The worst natural disaster in America's history would be Katrina. Hundreds dead, thousands displaced, and billions of dollars worth of damage. We would be fed pictures and hear stories of people taking refuge on rooftops and living on interstates, the nation standing back aghast. The public consciousness would not remember Katrina as a storm, but as something else entirely. For the rest of our lives we will talk about her the way we talk about the World Trade Center or the Kennedy assassination. Where were you when Katrina hit? Where were you when New Orleans almost drowned?
I have argued for years that by not demanding the truth about the past, we're giving people permission to lie to us about the present, and the future. The comparision is apt. By not demanding accountability from the government for the failure of government at every level to protect the citizens hit by Katrina, we're essentially giving the government a blank check to fail us again.

Lastly, before I leave this topic, if a KGB officer sends you an email offering documents on the Kennedy assassination, it's a scam. Spend your money instead on real information in my new Real History Store (note the permanent link on the right). Enjoy.

Thursday, August 10, 2006

No, Mr. Bush. America is NOT more safe now.

I was astonished to hear in the President's address this morning his claim that America is safer now than before 9/11. As the Associated Press reported,

"This country is safer than it was prior to 9-11," Bush said this morning from the airport tarmac in Green Bay, Wisc., where he was appearing at events focused on the economy. "We've taken a lot of measures to protect the American people but obviously we're not completely safe ... It is a mistake to believe there is no threat to the United States of America."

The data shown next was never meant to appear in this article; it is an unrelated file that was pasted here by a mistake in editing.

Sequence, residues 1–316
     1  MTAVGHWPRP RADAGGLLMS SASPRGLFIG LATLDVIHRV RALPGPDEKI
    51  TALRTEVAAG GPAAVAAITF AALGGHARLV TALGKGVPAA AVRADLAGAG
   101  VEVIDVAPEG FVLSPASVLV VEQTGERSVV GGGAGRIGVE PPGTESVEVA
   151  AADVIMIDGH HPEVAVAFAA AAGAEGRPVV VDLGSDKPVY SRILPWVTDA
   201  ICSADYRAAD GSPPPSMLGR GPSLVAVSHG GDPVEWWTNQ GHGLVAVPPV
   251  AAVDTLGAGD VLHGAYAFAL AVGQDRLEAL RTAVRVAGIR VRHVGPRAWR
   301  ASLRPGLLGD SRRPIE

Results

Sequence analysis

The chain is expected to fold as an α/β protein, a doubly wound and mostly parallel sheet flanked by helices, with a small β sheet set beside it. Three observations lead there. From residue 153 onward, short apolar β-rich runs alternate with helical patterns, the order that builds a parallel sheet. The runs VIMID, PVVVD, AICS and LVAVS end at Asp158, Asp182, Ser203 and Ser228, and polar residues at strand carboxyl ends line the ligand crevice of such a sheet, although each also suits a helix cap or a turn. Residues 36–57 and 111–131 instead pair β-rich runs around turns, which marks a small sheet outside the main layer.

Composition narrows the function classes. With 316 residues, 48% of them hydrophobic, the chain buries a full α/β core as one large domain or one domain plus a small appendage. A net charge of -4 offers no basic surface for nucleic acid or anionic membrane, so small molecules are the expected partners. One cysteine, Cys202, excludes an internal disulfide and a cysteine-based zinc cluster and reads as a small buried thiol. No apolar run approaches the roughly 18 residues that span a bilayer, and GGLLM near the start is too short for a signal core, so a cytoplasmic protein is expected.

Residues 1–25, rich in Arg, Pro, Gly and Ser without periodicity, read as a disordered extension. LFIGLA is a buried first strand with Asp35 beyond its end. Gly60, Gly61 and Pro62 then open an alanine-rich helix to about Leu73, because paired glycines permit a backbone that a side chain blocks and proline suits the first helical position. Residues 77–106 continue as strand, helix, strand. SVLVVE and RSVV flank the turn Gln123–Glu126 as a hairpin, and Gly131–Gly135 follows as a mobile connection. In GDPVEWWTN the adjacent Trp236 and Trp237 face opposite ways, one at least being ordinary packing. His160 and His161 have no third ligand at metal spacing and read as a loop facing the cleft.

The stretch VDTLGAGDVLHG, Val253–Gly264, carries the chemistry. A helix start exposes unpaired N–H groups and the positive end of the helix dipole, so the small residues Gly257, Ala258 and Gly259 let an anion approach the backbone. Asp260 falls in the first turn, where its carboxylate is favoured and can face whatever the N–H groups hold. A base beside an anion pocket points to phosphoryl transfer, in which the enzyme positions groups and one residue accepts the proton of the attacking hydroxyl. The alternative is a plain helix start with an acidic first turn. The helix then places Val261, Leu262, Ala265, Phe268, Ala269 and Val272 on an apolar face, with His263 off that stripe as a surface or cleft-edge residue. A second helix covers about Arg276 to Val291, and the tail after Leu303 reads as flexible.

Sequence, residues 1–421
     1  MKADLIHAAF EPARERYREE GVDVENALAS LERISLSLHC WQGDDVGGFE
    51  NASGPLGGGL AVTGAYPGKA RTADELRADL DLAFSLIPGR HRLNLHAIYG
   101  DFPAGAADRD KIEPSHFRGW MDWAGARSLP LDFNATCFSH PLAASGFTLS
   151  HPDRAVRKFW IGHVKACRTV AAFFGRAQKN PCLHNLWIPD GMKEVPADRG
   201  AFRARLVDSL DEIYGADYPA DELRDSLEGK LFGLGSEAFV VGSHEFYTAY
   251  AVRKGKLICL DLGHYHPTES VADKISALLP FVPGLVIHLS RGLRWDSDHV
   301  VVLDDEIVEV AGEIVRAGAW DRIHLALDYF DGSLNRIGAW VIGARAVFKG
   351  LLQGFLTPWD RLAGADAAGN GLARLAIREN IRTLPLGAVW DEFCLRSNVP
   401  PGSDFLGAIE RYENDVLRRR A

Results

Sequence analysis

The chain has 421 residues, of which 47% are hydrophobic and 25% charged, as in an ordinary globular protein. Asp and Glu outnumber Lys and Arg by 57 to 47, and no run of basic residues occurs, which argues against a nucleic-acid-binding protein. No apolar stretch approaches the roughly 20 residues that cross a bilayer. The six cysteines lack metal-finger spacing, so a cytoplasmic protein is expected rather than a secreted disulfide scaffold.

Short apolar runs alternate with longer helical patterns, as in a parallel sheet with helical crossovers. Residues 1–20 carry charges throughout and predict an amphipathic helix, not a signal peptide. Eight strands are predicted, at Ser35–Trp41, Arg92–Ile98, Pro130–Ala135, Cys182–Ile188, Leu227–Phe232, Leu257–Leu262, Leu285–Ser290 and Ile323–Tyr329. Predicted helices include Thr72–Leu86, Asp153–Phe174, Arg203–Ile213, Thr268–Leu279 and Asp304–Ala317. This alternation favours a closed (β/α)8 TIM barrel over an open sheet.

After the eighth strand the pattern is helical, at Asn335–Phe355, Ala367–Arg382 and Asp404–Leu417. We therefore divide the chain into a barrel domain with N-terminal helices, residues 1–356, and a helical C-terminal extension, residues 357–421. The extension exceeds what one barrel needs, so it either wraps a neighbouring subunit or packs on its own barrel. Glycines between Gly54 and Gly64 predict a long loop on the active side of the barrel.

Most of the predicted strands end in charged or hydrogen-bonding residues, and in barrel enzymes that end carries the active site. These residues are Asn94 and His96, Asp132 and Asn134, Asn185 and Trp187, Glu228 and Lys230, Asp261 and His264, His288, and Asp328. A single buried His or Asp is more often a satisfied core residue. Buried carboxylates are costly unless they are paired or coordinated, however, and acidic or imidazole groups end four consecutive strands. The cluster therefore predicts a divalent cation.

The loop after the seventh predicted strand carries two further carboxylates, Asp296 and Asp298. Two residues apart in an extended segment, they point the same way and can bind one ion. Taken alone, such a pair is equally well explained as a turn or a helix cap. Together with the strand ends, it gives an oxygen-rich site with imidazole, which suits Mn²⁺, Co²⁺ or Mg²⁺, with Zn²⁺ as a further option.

I beg to differ. Strongly. I would argue the opposite: that we have never been so ill-protected. Here are my reasons:

The Iraq war incites hatred of the US

We're breeding terrorists through our immoral war in Iraq. Our actions, killing people who had nothing to do with 9/11, who were not making weapons of mass destruction, but who, with OPEC, control the supply, and therefore the price volatility, of oil markets, not to mention the oil itself. We're proving ourselves to be the "Great Satan" after all.

Today, we saw a real or fake terror attempt thwarted in the UK. It doesn't matter if it was sponsored by foreign terrorists or if it was a false flag intelligence operation caught in advance. In either case, it shows that there are people who are going to great lengths to prepare elaborate assaults against America. How does the threat of such calculation make us "more safe"?